Few critics have angered me more over the years than David Ehrlich, but when he’s right, he’s right:

“The frantic and extremely funny mid-film chase through the streets of central Rome, during which Hunt is handcuffed to the sexy pickpocket (franchise newcomer Hayley Atwell) who might be able to lead him to the MacGuffin. A jaw-dropping ‘how the fuck did they do that?’ mega-flex in an age when movies are seldom magical enough to beg that question, the city-wide jailbreak combines artfully destructive slapstick with the loudest car crashes you’ve ever heard to create the kind of cinematic euphoria that still can’t be faked or forged at home. VR headsets might allow rich people to enjoy IMAX-sized screens on their living room couches, but Dead Reckoning is a bone-shaking reminder that sound is the real secret weapon of the theatrical experience.

“Not since La Dolce Vita has a film more effectively transformed ancient Rome into a modern playground, a fitting touch for a blockbuster so desperate to squeeze a few new dollops of joy from the ruins that surround it.”

“Gloriously Immune To Woke Mobthink,” posted on 6.28.23: “To a modest degree Mission: Impossible — Dead Reckoning Part One has a varied cast (the half-Korean Pom Klementieff and the cappuccino Greg Tarzan Davis are the ethnic standouts) but it’s not annoyingly diverse in a Barbie-ish, check-all-the-right-boxes way.

“It was seemingly produced within an alternate reality membrane, welcomely and even gloriously immune to the woke convulsions of the last six years…no conspicuous LGBTQ or trans characters, no Jabbas. Strange as it may sound and as confounding as it jay seem to some, MI:7 isn’t particularly focused on matters of race, gender and sexuality…good heavens!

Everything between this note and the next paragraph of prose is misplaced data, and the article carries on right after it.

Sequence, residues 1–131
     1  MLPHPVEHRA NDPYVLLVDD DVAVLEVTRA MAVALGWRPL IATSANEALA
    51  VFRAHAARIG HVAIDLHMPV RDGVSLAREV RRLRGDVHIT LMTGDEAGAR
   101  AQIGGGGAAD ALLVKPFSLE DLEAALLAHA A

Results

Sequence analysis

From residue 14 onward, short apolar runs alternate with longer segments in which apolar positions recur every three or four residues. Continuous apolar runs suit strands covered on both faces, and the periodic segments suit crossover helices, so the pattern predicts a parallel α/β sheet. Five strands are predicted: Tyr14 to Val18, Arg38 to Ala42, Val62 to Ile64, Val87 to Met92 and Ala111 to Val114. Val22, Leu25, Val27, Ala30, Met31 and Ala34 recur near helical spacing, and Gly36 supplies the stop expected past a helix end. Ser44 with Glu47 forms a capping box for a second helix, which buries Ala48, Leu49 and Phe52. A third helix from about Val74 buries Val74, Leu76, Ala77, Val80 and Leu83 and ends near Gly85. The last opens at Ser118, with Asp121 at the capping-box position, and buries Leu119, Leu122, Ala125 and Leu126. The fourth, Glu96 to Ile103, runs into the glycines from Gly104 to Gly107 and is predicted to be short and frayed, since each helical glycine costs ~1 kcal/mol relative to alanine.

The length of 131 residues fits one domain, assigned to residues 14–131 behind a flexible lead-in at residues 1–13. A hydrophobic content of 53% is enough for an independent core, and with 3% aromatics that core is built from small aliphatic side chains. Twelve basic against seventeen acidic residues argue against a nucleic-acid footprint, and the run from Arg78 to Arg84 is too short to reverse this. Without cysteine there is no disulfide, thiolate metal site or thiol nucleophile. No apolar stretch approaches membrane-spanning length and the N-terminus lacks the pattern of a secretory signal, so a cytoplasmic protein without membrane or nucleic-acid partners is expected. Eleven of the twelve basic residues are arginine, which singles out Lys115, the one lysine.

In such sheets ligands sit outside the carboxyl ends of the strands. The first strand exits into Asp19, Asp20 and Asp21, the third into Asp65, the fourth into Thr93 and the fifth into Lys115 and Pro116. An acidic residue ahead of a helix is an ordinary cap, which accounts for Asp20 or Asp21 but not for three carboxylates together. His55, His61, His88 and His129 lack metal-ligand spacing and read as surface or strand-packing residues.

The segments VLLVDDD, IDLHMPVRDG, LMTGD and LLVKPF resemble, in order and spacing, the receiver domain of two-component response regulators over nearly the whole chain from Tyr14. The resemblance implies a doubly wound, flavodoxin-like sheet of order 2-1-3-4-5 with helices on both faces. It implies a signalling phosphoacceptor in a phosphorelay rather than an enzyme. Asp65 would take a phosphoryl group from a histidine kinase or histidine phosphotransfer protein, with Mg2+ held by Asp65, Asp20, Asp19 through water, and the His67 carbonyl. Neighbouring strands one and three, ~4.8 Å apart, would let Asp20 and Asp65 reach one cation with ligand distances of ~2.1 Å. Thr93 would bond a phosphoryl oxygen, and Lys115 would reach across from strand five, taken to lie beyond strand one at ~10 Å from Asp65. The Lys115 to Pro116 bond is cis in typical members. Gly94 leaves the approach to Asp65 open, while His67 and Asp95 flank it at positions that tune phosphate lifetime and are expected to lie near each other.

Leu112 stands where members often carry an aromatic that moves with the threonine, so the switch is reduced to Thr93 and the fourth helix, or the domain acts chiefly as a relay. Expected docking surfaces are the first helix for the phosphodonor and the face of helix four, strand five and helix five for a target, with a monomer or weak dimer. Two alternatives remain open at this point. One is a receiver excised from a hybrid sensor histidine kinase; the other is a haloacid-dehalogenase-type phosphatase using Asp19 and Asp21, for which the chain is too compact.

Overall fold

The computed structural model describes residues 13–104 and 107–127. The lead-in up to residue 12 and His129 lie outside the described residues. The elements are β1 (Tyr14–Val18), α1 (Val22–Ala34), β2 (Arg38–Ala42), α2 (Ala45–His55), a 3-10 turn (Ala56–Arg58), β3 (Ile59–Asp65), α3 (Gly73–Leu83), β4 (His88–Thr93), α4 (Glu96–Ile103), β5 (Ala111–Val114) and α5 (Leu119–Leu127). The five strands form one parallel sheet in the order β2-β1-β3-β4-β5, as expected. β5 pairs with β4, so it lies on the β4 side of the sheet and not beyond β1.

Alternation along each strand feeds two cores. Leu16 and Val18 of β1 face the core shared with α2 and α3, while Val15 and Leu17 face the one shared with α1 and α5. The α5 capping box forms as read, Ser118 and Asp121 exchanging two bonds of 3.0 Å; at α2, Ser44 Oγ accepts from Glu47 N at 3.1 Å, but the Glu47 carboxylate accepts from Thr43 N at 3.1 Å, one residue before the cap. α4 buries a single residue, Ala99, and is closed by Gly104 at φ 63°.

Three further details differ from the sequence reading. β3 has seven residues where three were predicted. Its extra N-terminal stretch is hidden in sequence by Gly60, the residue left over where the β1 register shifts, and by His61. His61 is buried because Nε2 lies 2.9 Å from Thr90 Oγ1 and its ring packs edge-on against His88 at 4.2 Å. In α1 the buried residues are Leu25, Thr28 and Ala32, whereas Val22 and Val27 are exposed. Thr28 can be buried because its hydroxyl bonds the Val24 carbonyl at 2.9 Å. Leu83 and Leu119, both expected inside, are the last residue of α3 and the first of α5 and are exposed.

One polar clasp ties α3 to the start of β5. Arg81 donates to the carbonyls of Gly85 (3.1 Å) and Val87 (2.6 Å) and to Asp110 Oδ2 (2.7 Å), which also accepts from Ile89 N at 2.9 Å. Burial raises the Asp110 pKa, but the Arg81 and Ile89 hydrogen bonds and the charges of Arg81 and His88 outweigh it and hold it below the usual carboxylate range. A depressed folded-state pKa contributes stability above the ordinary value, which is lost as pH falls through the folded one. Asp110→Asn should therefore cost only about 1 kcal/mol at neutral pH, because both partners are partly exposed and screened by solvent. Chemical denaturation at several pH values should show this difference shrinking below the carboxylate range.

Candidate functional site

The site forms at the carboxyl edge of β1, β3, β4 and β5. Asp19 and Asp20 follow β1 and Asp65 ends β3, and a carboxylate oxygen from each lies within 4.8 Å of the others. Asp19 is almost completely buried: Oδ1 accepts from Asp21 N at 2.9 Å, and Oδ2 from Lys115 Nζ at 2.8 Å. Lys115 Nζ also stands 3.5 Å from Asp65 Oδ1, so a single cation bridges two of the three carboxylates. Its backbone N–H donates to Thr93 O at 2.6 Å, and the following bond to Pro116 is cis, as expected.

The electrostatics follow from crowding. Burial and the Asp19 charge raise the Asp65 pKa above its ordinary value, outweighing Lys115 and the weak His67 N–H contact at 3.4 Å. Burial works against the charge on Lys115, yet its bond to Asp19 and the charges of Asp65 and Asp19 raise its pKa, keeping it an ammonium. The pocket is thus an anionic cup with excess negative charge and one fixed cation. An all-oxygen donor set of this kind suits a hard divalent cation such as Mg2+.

Contentious Friendo: “One reason that superhero movies dig in harder on diversity and whatever other shit bothers you is because they’re (ostensibly) aspirational, as teenagers have all kinds of identity issues and sensitivities and whatnot.

“Honestly [Hollywood’s woke fetish is] not THAT different from what comics, especially Marvel Comics, did in the ‘60s, introducing Black Panther and the native American character Wyatt Wingfoot.And they were pretty ahead of the curve in gay ‘representation”’ in the ‘80s. It didn’t hurt that X-Men writer Chris Claremont was a bondage enthusiast whose off-hours lifestyle closely resembled what you see in Friedkin’s Cruising.” [HE insertion: “Oooohh, a bondage enthiusiast!”] And then DC got in on the fun with very earnest Social Issue plots, like Green Lantern/Green Arrow fighting the scourge of drug addiction.

“With the basics of the franchise now almost thirty years established, the Mission: Impossible franchise isn’t teen-oriented. Ethan Hunt’s a sexually abstemious James Bond and that’s enough to earn him a pass through woke world, or maybe Chris McQuarrie and Tom Cruise are hell-bent on making sure what they do isn’t ‘relevant’ to the larger world, and jusy serveing up a lot of suspenseful escapism.

“I know you’re consumed by the topic but there is honestly nothing more boring to me than thinking about it. Hollywood ‘ideology’ has always been provisional and ultimately insincere in any event.”